BY: T. Franklin Murphy | July 21, 2022
Object cathexis is a Freudian term still used as a central concept in psychoanalytic theory. In Psychoanalytic theory, cathexis is the process of allocating psychic energy (mental or emotional) to a person, object, or idea.
Freud thought of cathecting as a major characteristic of the life drive (1990). In Freud's original writings the concept of cathexis was presented in German by the word Besetzung. In English, Freud translated the word as 'interest.' However, when James Strachey translated Freud's works into English, he chose to use the word 'cathexis' instead of 'interest.'
Cathexis, or interest, is an important element of motivation. Our focus, attention, and expended energy is a cathexis of sorts. When it is focused outward on an object, such as an intimate partner, we invest energy in the relationship. However, when we solely focus our interest inward our cathexis is characteristic of narcissism.
Object Cathexis in psychoanalytic theory refers to the investment of psychic energy in objects outside of the self. The object can be a person, goal, idea, or activity.
Object Cathexis in Love
In relation to romantic interests, M. Scott Peck, in his best selling book the Road Less Travelled, describes cathexis this way, "the feeling of love is the emotion that accompanies the experience of cathecting. Cathecting...is the process by which an object becomes important to us. Once cathected, the object, commonly referred to as a 'love object,' is invested with our energy as if it were part of ourselves, and this relationship between us and the invested object is called Cathexis" (2012).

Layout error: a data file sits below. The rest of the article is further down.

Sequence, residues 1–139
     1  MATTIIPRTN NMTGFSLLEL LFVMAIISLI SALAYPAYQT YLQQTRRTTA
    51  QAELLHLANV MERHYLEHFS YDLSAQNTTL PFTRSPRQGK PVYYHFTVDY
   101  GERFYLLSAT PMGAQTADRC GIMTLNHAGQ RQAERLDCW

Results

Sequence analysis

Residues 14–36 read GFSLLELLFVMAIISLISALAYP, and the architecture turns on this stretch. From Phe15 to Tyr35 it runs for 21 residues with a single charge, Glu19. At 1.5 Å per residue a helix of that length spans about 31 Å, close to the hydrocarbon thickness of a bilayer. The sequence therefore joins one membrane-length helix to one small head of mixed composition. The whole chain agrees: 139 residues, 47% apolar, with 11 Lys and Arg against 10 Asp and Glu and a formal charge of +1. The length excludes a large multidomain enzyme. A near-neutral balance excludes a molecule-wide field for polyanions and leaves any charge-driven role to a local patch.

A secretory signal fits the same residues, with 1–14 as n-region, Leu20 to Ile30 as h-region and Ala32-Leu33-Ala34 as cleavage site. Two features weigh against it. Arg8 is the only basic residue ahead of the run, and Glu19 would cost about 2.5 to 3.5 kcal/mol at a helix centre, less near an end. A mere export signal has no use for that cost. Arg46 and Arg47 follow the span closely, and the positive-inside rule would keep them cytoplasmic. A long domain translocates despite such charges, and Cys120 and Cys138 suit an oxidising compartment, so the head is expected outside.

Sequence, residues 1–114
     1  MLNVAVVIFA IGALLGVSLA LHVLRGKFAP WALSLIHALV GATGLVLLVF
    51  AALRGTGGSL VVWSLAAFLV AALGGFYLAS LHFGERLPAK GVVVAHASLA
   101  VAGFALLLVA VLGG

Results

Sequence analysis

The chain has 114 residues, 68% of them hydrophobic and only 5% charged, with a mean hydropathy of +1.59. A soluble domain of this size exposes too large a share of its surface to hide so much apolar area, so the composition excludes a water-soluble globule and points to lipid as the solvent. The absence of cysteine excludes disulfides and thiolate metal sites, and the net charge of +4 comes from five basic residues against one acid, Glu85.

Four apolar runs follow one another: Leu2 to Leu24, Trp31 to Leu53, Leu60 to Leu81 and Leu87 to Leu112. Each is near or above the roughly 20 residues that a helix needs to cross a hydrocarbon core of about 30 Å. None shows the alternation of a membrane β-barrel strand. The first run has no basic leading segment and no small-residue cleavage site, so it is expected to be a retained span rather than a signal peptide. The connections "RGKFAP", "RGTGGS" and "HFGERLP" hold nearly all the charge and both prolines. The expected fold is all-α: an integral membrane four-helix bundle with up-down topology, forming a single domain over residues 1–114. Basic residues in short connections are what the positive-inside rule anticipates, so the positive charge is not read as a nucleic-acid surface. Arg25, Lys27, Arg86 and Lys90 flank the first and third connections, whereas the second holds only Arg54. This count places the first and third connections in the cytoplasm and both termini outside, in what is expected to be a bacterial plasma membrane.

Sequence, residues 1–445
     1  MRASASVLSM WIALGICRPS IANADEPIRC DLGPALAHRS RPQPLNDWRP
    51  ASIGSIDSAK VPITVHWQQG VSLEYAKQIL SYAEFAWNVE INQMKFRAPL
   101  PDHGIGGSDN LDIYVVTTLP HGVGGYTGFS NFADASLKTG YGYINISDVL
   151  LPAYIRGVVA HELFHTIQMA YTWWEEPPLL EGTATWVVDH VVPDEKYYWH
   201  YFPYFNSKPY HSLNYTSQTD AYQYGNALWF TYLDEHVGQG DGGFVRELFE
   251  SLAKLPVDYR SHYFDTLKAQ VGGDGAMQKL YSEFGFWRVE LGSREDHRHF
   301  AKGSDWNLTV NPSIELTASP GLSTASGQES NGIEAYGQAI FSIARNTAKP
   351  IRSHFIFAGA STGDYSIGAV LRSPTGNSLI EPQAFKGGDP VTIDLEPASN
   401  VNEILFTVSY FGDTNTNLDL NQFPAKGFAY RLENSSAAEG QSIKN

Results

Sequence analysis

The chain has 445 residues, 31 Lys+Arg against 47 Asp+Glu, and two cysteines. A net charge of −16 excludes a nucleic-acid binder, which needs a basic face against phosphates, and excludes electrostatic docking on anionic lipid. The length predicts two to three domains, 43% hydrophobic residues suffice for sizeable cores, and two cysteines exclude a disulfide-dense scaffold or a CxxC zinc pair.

Object Cathexis in Narcissism
In Freud's paper on narcissism, he explains that "narcissism arises through the drawing in of object-cathexes." The drawing in is a defensive response to the frustration of outside objects. Freud speculated that the withdrawing interest from outside objects leads to reallocating the energy internally into the ego (2019, p. 119).
In the Ego and Mechanisms of Defense, Anna Freud suggests that the fear of overwhelming instinctual drives during adolescents motivates a defensive withdrawal of cathexis from the object world, which leads to "narcissistic, psychotic, or near psychotic withdrawal." Anna Freud explains that once the "storm of puberty" has abated, "the object-libidinal world can be recathected and the narcissistic pattern relinquished" (Reich, 1953, p. 42).
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Freud, Sigmund (1990) The Ego and the Id. W. W. Norton & Company; The Standard edition.
Gosmann, Uta (2019). Lost to Himself: Narcissus and Freud's Theory of Narcissism Reinterpreted. The Psychoanalytic Review, 106(2), 113-130.
Peck, M. Scott (2012). The Road Less Traveled: A New Psychology of Love, Traditional Values and Spiritual Growth. Touchstone; Anniversary Edition.
REICH, A. (1953). NARCISSISTIC OBJECT CHOICE IN WOMEN. Journal of the American Psychoanalytic Association, 1(1), 22-44.